This scheme was the first where we organised a mass email campaign to councillors ahead of the vote on the permanent traffic order, and we were really pleased when the vote was in favour. I’m really excited for this to be finished - the contraflow will be properly separated from the road rather than a painted line, the lighting will be improved and the 20mph speed limit will be reinforced.
What change do you want to see next?
The current focus of campaigning is the Academy Street scheme, right in the centre of Inverness. Academy Street connects the high street with the railway and bus stations, and is home to lots of shops, bars and cafes. The road is busy and most traffic drives right through from one end to the other. It’s one of Scotland’s most polluted streets. The first changes proposed were brilliant for pedestrians but disappointing for cyclists, in that there were no measures to restrict traffic and the alternative cycling route was convoluted. The revised scheme will widen the pavements, narrow the road and introduce a short section of bus lane halfway along the street to stop through-traffic.
This will have a transformational impact – they’re predicting a 70% reduction in vehicle numbers - making Academy Street a great place to visit. It is the most ambitious scheme that has been proposed in Inverness, and we need to carry on demonstrating our support for the scheme as it progresses through the design process and in the lead up to any further votes. Creating a friendly and welcoming place to walk and cycle will result in more people spending more time and money at businesses on the street. Overall, it will make Inverness town centre a more pleasant and welcoming place.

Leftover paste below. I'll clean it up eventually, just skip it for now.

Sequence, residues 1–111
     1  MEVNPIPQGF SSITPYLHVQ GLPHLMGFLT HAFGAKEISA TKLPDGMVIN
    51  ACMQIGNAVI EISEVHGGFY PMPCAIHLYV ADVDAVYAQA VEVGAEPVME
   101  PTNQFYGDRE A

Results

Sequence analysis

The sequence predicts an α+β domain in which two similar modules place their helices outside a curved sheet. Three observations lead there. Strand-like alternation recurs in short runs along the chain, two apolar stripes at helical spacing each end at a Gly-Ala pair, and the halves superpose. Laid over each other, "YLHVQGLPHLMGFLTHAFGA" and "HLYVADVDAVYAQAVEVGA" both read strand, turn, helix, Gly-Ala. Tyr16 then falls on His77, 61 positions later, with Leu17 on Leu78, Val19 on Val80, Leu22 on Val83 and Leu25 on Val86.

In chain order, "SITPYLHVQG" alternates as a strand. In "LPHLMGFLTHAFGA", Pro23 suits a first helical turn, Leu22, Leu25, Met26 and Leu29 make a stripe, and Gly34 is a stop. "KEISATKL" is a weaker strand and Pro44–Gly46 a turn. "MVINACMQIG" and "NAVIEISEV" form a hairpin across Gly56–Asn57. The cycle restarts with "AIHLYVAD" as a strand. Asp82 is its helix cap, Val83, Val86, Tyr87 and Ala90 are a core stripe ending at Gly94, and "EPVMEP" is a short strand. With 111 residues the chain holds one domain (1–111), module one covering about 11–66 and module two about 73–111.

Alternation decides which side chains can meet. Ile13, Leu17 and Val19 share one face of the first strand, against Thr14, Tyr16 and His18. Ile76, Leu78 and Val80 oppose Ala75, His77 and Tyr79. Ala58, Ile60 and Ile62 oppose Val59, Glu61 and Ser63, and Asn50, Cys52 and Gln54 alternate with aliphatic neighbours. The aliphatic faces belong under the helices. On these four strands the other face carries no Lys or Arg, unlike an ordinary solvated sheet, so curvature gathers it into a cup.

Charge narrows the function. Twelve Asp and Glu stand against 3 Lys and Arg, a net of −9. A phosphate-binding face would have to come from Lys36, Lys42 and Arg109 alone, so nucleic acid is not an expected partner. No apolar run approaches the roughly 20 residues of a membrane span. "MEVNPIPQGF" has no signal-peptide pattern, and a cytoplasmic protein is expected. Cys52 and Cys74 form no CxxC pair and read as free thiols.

What advice would you have to people looking to campaign in their locality?
Mobilising mass engagement with consultations can have a really big impact in changing the direction of a scheme, but you need to know when and where it will be happening in order to get organised.
Encouraging people to directly email councillors ahead of key votes is another really important tactic - it is much harder for them to vote in favour of schemes, even when they know it’s the right thing to do, if all they get is an inbox full of objections.
Getting regular stories in favour of cycling in the local papers is also really important, and Kidical Mass is brilliant for this. There is nothing as good as lots of photos of kids on bikes enjoying themselves!
Why should others consider becoming a bicycle mayor?
Even in the month that I have been bicycle mayor, I have had more access to councillors, officers and reporters at our local paper than I could have even hoped. The title, and the legitimacy that it provides, has made a real difference in how people engage.
A network of bicycle mayors across Scotland sharing ideas and encouraging each other would only add to this impact. There are two ways to apply - either directly to BYCS if you want to put yourself forward or, alternatively, they can support you to advertise and run a recruitment process in your area.
I've joined Cycling UK's Cycle Advocacy Network – so I’m really are looking forward to linking up with others who are speaking up for cycling more widely across Scotland and the UK.